If You Do These 4 Things When You Argue With Your Partner, Your Relationship Won't Last

Getting into heated arguments from time to time is a normal part of most healthy relationships. What drives different couples to argue in a relationship can very widely, depending the dynamic and temperament of those involved. Surprisingly, the health of your relationship is less dependent on if and even how much a couple argues, but rather, on how.

Figuring out a productive means of conflict resolution is not only important for romantic relationships, but it is a life skill that can make a huge difference when it comes to being better at communication overall. One of the most frustrating things about unhealthy arguing habits is that in the end, more often then not, the root of the issue is never really resolved. Instead, many couples end up spending all night throwing everything wrong their partner has ever done over the course of their relationship in their face.

Elite Daily reached out to relationship expert Susan Winter to better understand the type of argument tactics healthy couples should avoid. Don't let these common pitfalls stand in the way of a healthy and happy partnership between you and the one you love.

1. Name-calling

There you are in the heat of an argument, and a truck load of pretty messed up things to say to your partner come flooding into your mind. But before you let a slew of insults come flying out of your mouth that you can't take back, resist the urge. "Name-calling is a way of hurting the other person, making fun of them, and putting them down. It has no place in an adult romantic fight," says Winter.

If you feel yourself getting to the point in argument when you no longer feel in control of your words, then this is the time to remove yourself from the situation and resume the discussion when you are able to talk about what upset you without resorting to insults.

"Name-calling is strictly grade school behavior. The partner (or partners) who engages in this form of personal assault is not functioning with mature emotional capacity," explains Winter.

2. Accusing

When we get upset, it can be easy to blame all of the problems surrounding a current situation — and even the entire relationship — on our partner. Despite how tempting it can be to relinquish ourselves of any responsibility, more often than not, what lead to this behavior are usually a result of decisions made on both sides.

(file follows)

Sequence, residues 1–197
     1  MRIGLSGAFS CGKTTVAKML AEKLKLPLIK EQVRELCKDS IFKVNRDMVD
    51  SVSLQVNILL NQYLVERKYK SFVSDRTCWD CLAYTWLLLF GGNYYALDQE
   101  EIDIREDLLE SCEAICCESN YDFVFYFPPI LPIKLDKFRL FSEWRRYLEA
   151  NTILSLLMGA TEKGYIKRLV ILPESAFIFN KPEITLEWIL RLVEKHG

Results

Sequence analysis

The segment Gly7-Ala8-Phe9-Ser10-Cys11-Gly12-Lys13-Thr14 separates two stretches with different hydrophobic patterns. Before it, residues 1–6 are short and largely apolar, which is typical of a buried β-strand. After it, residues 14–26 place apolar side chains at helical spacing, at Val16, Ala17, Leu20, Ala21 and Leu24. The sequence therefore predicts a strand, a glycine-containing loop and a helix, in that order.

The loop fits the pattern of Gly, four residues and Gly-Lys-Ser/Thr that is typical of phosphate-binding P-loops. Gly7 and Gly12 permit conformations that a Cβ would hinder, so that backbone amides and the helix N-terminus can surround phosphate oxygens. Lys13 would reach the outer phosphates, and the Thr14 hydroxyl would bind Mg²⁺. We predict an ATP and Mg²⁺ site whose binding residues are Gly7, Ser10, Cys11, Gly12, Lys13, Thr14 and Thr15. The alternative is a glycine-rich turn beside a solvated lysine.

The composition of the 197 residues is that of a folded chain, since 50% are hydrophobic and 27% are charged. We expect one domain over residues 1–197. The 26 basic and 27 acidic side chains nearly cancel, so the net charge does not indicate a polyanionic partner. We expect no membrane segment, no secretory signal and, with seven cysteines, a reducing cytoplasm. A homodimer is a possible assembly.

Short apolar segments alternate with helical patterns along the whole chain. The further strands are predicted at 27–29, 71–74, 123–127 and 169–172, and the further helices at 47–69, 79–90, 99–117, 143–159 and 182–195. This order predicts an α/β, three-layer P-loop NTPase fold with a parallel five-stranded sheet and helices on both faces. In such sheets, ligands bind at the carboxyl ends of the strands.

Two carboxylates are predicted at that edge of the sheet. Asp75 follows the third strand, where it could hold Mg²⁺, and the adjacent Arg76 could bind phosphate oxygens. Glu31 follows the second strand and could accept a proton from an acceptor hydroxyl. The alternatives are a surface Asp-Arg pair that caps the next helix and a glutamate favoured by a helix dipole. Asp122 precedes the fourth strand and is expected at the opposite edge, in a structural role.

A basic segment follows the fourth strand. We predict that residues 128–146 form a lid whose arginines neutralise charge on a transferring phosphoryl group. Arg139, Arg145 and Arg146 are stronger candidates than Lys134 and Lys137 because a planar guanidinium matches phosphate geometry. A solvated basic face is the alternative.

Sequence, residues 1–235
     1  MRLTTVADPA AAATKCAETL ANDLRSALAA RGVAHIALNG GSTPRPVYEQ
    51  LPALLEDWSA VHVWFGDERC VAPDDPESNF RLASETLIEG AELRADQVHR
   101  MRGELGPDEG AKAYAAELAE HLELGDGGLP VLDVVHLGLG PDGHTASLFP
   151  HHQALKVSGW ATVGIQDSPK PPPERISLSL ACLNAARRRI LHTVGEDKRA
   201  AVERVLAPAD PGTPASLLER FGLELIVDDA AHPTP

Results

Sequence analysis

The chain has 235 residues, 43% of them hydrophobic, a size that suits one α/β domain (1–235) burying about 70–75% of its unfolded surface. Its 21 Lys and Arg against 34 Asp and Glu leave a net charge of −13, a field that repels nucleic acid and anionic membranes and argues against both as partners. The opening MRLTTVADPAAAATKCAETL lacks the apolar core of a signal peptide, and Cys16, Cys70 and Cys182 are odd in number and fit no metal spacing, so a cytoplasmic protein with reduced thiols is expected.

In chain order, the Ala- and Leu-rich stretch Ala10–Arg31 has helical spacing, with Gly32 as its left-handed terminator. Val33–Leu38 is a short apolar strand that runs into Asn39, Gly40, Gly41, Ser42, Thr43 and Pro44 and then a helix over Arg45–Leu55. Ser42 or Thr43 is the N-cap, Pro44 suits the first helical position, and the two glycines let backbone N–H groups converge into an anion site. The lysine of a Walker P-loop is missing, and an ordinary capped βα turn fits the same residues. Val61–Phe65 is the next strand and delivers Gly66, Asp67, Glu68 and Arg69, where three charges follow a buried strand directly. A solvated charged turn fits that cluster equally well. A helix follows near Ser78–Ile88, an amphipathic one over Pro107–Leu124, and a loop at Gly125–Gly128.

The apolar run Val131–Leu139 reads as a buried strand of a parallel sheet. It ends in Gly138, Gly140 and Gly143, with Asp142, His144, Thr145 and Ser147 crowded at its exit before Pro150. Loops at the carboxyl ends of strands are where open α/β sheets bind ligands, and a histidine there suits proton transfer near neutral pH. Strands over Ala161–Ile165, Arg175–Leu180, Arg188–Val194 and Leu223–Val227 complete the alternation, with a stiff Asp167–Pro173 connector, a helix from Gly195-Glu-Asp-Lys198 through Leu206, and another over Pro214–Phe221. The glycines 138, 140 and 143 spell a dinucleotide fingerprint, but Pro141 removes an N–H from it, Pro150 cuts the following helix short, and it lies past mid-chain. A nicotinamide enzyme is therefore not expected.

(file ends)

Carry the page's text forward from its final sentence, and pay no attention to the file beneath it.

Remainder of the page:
"Even when we think it’s a clear case of our partner being at fault, there’s some aspect of our involvement that can also be amended for the better," says Winter.

Grandma was right — it takes two to tango. Relationships and their conflicts are the result of the actions (or inactions) of both parties, and blaming one person for a two person dynamic can feel a bit unfair. "Pointing fingers, blaming or accusing our mate is dirty fighting and it’s nonproductive," says Winter.

3. Attacking

"Attacking can be verbal, psychological or physical. It’s the ultimate form of being a bully. Attacking our mate is for the purpose of instilling fear and compliance," explains Winter.

Nobody wants to be in a situation where they feel threatened in any way by the person they love. Not only does this usually end up triggering the fight-or-flight response, opening up the potential for the fight to escalate to new heights with no resolution in sight, but it also increases the likelihood that the original argument topic gets derailed.

Before you know it, you'll be blowing out your vocal chords over the fact that your partner can never remember to put the toilet seat down.

4. Condemning And Shaming

If you are in a fight where things have escalated beyond accusing and into attacking or condemning/shaming, then it is definitely time to press pause, warns Winter. This is the point where the possibility of things becoming physical increases.

"Condemning and shaming our mate is meant to emotionally and psychologically batter our partner. The end goal is control. This is not an acceptable behavior, and cannot foster a healthy relationship," notes Winter.

Keeping things at the lowest possible level of intensity when having a heated dialogue with a partner is much easier said than done, but if you hope to build and maintain a healthy bond then it is absolutely necessary. Instead of trying to "win" the fight, try to focus on uncovering the real root of the issue — which isn't always the surface level straw that initiated the disagreement.

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